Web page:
Greenville, South Carolina resident Teresa Traffas was just up the road from USC when she decided to return to graduate school to become
a speech-language pathologist. But her busy life was too full for a traditional, in-person
“I was looking for a program that had a long-standing, quality reputation,” Traffas
says of her decision to attend the Department of Communication Sciences and Disorders’ M.S. in Speech-Language Pathology program. “The distance education track was something that I knew would make pursuing
this degree possible since I was already at a point in life where I had many responsibilities
besides school. I knew USC would prepare me to be a capable therapist and allow me
the opportunity for any kind of specializing or doctoral work that I may become interested
in as I worked through my graduate degree.”
With a background that includes Spanish, nursing, website development and other skills
and experiences, Traffas was drawn to speech-language pathology for several reasons.
Observing other therapists revealed a career filled with creativity, variety and interesting
challenges. She also liked that its combination of biology, psychology, education
and medicine promised to keep her on her toes. Plus, she wanted to help people.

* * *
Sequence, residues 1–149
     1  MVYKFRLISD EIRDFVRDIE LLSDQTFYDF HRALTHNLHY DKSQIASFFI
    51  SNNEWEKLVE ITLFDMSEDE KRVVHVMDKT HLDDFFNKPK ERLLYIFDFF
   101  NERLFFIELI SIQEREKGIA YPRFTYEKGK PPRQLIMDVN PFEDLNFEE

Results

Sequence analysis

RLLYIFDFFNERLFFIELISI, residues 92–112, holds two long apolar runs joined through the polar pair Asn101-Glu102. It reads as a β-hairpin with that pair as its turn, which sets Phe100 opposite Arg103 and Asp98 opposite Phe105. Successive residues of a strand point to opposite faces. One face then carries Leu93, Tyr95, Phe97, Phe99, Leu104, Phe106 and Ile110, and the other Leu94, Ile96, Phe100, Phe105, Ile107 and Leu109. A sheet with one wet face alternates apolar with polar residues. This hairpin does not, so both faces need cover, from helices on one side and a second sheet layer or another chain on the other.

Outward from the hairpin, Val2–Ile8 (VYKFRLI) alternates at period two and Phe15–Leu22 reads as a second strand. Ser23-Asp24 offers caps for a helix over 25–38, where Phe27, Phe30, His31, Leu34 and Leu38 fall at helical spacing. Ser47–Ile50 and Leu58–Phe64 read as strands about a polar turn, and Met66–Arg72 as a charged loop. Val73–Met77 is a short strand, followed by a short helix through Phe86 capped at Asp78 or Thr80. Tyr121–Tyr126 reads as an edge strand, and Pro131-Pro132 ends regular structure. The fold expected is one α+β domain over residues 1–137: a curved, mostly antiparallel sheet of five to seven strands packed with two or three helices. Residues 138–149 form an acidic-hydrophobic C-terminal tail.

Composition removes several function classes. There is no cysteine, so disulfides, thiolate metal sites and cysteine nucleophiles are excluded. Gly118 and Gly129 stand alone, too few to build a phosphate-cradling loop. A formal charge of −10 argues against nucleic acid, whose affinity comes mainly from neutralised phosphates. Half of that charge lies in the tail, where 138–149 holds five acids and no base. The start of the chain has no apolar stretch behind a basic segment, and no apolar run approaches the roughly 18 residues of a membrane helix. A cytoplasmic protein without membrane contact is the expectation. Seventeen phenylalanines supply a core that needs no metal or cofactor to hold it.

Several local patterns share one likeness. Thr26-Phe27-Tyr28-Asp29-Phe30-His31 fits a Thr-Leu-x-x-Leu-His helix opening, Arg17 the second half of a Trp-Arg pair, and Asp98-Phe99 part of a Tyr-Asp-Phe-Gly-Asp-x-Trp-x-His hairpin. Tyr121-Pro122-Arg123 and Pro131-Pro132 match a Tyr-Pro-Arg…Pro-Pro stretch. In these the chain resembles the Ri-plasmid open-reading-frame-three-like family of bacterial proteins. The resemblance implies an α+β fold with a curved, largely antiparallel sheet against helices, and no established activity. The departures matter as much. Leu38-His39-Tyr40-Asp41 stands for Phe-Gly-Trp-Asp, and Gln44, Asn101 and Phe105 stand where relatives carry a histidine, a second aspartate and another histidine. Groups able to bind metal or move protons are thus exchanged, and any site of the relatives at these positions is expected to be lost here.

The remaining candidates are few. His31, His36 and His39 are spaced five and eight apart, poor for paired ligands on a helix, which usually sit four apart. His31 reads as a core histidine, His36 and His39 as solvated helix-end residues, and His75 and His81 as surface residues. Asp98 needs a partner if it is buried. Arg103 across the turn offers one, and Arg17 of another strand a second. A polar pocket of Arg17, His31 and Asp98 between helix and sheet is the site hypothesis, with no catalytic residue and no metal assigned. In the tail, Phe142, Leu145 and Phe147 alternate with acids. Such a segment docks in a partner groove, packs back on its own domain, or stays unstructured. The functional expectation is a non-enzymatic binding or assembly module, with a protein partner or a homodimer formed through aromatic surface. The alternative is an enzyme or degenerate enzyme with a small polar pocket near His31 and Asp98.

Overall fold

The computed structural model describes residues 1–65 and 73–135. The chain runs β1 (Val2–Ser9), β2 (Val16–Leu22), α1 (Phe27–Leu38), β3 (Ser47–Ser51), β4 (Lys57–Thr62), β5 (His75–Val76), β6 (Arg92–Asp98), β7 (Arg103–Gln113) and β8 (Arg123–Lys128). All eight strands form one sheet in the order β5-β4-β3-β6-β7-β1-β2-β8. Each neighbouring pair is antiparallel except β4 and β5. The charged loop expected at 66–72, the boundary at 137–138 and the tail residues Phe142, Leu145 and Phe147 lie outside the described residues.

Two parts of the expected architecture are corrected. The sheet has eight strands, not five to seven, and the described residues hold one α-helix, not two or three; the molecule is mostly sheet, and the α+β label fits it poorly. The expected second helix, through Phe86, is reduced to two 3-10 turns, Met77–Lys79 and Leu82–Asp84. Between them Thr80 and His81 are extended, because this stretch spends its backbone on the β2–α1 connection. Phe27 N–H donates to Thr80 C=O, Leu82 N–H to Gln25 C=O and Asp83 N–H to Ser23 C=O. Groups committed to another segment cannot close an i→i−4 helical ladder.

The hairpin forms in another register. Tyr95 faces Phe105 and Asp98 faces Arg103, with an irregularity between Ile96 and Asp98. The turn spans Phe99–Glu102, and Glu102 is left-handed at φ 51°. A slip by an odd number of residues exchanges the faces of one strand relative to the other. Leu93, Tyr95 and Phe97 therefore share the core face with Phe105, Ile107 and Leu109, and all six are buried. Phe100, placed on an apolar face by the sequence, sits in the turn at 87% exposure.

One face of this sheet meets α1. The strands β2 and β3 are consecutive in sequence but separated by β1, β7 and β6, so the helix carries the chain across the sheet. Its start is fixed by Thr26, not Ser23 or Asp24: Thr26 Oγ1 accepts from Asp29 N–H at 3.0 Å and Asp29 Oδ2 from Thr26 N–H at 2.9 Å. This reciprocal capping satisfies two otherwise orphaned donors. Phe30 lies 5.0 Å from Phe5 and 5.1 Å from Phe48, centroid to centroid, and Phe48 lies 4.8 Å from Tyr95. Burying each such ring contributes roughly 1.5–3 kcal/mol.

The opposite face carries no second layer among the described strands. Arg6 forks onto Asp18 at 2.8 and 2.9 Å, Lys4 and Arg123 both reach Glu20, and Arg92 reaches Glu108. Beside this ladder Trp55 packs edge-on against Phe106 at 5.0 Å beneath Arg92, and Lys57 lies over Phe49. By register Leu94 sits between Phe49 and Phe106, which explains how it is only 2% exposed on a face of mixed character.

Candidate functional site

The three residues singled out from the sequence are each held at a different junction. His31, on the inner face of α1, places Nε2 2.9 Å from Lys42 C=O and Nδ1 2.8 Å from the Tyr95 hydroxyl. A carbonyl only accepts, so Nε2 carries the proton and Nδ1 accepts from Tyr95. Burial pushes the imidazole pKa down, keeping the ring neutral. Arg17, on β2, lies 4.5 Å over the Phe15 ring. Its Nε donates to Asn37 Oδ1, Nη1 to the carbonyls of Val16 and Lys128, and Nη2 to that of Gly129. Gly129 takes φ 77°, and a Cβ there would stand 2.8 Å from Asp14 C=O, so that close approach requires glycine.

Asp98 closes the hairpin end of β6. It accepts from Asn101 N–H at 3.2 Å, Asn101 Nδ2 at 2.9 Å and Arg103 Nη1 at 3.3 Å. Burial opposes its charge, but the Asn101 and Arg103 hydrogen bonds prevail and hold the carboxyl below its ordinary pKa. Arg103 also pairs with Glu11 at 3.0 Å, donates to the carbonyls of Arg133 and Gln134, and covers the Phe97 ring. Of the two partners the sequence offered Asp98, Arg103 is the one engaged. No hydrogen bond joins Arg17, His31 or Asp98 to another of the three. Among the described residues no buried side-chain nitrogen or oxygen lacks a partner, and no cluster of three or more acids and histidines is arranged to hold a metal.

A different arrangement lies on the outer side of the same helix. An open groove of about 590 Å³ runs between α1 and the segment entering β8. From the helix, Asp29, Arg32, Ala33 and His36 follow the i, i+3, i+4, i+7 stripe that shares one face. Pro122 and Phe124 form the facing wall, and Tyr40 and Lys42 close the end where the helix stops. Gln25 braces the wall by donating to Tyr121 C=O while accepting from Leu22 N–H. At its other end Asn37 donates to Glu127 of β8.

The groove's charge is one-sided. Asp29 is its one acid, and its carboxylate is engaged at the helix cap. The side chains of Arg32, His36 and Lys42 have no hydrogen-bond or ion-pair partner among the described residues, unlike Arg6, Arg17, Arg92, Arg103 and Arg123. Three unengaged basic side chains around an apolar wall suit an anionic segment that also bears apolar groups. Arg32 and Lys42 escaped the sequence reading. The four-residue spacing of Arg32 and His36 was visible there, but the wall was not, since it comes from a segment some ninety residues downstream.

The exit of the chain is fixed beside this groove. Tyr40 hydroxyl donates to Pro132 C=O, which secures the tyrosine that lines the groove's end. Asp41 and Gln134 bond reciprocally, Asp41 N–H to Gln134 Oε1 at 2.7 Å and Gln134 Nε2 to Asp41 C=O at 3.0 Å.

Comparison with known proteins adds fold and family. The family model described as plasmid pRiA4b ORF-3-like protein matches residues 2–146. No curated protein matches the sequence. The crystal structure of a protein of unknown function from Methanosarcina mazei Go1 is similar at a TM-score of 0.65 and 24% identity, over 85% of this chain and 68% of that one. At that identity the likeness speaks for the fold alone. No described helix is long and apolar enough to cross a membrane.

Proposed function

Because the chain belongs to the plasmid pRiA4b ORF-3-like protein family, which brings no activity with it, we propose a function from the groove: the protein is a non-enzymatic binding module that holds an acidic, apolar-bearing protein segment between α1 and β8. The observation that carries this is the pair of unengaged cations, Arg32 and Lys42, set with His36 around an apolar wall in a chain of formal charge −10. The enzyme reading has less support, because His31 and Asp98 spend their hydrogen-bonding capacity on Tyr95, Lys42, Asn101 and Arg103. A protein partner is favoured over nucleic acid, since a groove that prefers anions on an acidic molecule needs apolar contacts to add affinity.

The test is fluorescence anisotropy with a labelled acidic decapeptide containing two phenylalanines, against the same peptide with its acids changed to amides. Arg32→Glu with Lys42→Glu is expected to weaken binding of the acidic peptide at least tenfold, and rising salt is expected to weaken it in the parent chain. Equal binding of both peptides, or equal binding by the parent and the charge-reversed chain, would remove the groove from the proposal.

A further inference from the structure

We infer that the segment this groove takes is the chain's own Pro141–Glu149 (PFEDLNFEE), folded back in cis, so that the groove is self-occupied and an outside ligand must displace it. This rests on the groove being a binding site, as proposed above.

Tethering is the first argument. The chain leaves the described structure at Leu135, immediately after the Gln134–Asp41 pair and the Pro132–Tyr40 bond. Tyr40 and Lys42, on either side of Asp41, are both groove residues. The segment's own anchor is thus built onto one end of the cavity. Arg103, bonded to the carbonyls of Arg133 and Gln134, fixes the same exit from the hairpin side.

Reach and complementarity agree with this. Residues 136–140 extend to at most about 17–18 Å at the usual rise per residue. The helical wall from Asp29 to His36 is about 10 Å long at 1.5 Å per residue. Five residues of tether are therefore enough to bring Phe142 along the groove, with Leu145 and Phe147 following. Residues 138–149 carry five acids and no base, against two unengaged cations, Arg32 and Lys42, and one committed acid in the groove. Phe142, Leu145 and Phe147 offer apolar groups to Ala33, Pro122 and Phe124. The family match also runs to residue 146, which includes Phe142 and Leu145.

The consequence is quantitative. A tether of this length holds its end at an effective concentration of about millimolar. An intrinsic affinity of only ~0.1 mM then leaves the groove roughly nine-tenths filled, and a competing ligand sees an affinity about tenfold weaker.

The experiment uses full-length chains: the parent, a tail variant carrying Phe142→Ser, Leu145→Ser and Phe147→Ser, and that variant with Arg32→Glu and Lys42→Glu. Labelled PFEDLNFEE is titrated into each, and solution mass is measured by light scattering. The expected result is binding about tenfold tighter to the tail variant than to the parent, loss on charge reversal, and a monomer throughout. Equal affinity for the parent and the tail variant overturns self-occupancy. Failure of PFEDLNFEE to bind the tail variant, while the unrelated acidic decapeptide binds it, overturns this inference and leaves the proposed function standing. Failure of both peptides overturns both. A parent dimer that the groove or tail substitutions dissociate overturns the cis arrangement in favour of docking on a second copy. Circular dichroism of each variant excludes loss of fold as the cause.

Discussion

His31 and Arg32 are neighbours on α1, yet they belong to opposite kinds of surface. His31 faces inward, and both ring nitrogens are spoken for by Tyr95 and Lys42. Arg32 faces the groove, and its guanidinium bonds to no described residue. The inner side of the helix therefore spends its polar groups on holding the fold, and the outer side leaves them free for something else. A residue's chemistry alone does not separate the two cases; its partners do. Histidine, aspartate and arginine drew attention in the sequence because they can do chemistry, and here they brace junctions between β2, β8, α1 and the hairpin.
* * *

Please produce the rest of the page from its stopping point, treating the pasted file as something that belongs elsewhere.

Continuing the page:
“I've always found caring for people to be so fulfilling,” Traffas says. “Speech therapy
allows me not only to care for people, but also to open opportunities for them.”
During her master’s program, Traffas became interested in literacy – particularly
among older children and adults as well as the connection between literacy and incarceration.
She gained clinical experience in private practice, hospital and school settings.
As part of a tight-knit cohort, Traffas found support in her fellow classmates and
the faculty who specialize in specific areas of the field. In particular, she found
a mentor in graduate director Beth Barnes, who has continued to respond to Traffas’ tough therapy questions long after classes
“Right now, I want to practice what it means to be a therapist and manage a caseload,”
Traffas says. “Then I plan to branch out into either research or a different setting
if that seems like the best fit for me. I love working in short-term rehabilitation
hospitals and hope that at some point that will be a part of my career journey.”